A common practice in criminal cases is for a defendant to plead guilty to a crime, conditioned upon his right to appeal an unsuccessful pretrial motion to suppress evidence. In most jurisdictions, this practice is allowed by statute or rule. In federal court, for example, Fed. R. Crim. P. 11(a)(2) provides that "with the consent of the court and the government, a defendant may enter a conditional plea of guilty . . . reserving the right to have an appellate court review an adverse determination of a specified pretrial motion."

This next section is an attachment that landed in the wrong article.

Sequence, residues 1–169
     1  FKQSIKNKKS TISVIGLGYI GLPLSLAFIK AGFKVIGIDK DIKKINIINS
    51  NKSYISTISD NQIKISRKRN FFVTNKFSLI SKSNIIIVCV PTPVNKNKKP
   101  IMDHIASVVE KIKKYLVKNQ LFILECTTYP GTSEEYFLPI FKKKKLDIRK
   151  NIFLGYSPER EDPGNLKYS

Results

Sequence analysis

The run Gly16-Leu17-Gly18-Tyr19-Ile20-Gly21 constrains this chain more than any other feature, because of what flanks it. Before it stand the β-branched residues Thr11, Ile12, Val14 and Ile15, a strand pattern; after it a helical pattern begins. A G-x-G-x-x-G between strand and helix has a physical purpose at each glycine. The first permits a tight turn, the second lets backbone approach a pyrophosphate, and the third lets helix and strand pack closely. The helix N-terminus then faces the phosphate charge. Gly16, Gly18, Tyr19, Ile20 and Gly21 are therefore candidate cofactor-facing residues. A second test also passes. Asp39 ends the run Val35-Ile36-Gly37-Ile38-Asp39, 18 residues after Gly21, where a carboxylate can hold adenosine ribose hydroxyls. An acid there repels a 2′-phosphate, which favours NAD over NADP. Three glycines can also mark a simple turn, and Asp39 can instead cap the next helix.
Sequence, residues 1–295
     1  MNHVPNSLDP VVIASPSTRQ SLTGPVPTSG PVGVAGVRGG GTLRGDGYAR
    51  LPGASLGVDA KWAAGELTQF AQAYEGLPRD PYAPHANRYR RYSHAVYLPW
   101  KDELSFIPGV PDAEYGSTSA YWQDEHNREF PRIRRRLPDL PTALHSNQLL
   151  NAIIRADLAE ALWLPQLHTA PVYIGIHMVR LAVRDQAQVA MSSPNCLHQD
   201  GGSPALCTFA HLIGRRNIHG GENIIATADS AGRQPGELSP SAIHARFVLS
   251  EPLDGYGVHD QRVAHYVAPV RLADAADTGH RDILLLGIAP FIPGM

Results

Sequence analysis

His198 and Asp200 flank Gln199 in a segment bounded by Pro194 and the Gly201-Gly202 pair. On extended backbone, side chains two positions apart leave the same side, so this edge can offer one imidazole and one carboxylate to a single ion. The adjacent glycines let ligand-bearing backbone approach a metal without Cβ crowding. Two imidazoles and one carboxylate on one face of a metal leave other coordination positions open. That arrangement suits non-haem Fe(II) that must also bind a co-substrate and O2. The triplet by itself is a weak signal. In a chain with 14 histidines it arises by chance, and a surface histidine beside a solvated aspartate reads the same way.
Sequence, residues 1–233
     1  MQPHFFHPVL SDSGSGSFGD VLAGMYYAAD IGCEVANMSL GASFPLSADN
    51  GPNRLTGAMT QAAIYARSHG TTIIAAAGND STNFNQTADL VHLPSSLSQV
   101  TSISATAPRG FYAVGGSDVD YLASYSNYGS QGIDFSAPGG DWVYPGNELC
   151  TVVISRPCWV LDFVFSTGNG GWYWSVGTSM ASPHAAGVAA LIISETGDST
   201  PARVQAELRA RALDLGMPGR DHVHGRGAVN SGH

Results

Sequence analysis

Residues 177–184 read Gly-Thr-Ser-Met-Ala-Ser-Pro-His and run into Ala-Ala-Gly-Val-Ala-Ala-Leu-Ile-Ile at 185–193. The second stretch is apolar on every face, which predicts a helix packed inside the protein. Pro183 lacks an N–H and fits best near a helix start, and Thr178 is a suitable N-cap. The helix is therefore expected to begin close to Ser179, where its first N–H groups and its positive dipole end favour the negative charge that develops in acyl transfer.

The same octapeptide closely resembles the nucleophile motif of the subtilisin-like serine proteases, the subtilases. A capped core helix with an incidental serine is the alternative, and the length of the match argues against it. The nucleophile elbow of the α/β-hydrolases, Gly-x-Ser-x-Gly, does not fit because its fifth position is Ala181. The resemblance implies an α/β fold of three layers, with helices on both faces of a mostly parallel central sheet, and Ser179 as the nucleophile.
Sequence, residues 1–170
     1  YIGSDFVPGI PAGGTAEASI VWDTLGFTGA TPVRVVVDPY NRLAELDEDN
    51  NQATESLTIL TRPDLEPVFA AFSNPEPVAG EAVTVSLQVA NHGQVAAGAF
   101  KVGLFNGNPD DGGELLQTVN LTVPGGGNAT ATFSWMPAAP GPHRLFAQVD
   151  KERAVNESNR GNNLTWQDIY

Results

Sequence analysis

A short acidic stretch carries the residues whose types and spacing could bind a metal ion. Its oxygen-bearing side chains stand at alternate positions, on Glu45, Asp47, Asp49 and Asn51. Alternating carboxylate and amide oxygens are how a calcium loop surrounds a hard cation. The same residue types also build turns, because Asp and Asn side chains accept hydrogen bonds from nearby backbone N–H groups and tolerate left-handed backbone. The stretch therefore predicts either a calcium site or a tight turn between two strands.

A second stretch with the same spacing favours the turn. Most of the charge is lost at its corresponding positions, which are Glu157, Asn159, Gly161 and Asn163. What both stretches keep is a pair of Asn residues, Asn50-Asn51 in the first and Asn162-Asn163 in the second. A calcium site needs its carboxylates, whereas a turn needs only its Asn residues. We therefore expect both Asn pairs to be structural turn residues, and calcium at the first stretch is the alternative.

Colorado does not have such a statute or rule, and in Neuhaus v. People, issued today, the Colorado Supreme Court declined to create a judicial exception authorizing conditional guilty pleas, holding that the reservation of the right to appeal an unsuccessful pretrial motion "is better created by statute or court rule, if at all."
The decision is available here.